It is a fair question to ask, Why should civil aviation be allowed to continue in time of war? I thank Heaven that the Admiralty has never debated whether the Mercantile Marine should be allowed to continue in time of war, and is it not absolutely true that the civil air marine is as essential to our export trade as the Mercantile Marine? Speedy mails are essential if we are to take seriously the export drive about which Ministers so often speak and about which they seem to do so very little. Further, in time of war, air transport means prestige. I have heard with dismay of the effect produced by German air liners in the Balkans, where not one day in the week do people see British aircraft. The right hon. Gentleman will have a grave responsibility if he cannot at the end of the war turn over a large number of the workers in this colossal industry to the manufacture of civil aircraft. He has said himself, and I agree with him, that civil aircraft can become a great exporting industry. History may repeat itself. Dur- ing the years 1914 to 1918 we allowed the American mass-produced automobile to get into the European and Empire markets, and we have never been able to get them out. With the great orders for military aircraft which we are placing, enabling manufacturers on the other side of the Atlantic to write off their plant and factories, we are running the risk of the same thing happening with regard to civil aircraft after this war is ended.

What is needed? There are men in the Department of Civil Aviation whose personal qualities I admire, but I regret to have to say that there are one or two of the heads of that department who have not the drive and energy that will put us at the head of civil aircraft manufacture. In the second place, we must have the restoration of a balanced outlook towards civil aviation among the members of the Air Council. The spirit of war induces us inevitably to uproot all that is unwarlike, and unless we hold ourselves very firmly in hand, we shall destroy a great deal which ought to be allowed to remain. I believe most firmly that civil aviation ought to be maintained in lively existence. The military members of the Air Council may say that they cannot allow any great proportion of the productive capacity of this country to be diverted in time of war from military to civil aircraft, but it is not a question of 10 per cent. or 5 per cent. or even 1 per cent. If the Air Ministry would agree to a fraction of 1 per cent. of aircraft production capacity being retained for civil purposes, that would enable civil aviation to go on. Intense loyalty to military aviation can becloud one's vision as to what is necessary for the ultimate development of the civil air services. That is the position we have to face.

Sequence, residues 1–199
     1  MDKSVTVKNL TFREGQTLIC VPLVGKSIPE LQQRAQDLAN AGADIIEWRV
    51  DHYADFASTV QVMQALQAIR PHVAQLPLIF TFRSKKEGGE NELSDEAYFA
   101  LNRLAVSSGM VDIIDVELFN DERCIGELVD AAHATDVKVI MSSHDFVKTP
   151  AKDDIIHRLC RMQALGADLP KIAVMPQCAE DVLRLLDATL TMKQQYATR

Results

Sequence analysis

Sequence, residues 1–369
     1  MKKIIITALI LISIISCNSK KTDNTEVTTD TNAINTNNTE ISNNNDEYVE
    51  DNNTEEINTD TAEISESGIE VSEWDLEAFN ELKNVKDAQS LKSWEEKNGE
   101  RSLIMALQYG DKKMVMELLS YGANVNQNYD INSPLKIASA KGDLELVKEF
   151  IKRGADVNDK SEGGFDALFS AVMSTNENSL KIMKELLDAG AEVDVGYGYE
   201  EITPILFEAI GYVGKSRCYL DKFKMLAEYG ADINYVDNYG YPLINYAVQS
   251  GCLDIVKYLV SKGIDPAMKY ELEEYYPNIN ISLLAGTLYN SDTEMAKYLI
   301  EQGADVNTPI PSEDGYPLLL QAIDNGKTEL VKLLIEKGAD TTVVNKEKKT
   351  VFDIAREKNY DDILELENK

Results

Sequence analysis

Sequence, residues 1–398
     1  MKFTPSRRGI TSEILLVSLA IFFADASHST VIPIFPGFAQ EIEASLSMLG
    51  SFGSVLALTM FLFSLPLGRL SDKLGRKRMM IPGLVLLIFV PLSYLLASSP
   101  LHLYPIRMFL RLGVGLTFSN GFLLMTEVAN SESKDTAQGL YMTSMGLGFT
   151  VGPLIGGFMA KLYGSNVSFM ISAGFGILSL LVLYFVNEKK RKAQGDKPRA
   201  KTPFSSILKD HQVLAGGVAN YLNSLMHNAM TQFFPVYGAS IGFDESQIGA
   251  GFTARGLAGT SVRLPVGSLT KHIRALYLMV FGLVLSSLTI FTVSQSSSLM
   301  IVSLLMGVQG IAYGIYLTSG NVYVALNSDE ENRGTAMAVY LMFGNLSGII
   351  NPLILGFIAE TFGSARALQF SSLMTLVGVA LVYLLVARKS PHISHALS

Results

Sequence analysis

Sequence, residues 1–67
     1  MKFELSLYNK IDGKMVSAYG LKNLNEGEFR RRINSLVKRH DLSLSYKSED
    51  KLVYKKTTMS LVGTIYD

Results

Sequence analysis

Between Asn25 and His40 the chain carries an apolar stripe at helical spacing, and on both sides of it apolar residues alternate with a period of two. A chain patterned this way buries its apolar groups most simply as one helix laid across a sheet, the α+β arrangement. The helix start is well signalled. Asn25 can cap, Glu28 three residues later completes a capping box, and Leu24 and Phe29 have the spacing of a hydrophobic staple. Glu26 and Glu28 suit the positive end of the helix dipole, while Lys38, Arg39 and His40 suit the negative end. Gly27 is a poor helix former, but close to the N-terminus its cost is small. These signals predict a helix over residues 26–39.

I should like to conclude by recalling what my right hon. Friend said in a speech which he made on this subject in March of last year. He said then: In my opinion the problem most in need of attention and quick solution is the development and production of British civil air liners which, in merit, reliability and performance, can compete with the best that is now being produced in other countries. That is certainly not the position to-day and that is why American aircraft have to be purchased by the operating companies.…The objective…is the production of British civil air liners of outstanding merit and performance which can be used by the operating companies and, what is even more important, can be sold in the markets of the world. It would be great satisfaction to any one of us, and to myself, to assist in the production of a British machine which was sought after on its sheer merits in the markets of the world, and which on those merits gave rise to demands for its successor."—[OFFICIAL REPORT, 9th March, 1939; cols. 2397 and 2398, Vol. 344.] My right hon. Friend had the right idea last year. I ask him now to do all he can to see that some fraction of our aircraft manufacturing capacity is devoted to civil aviation.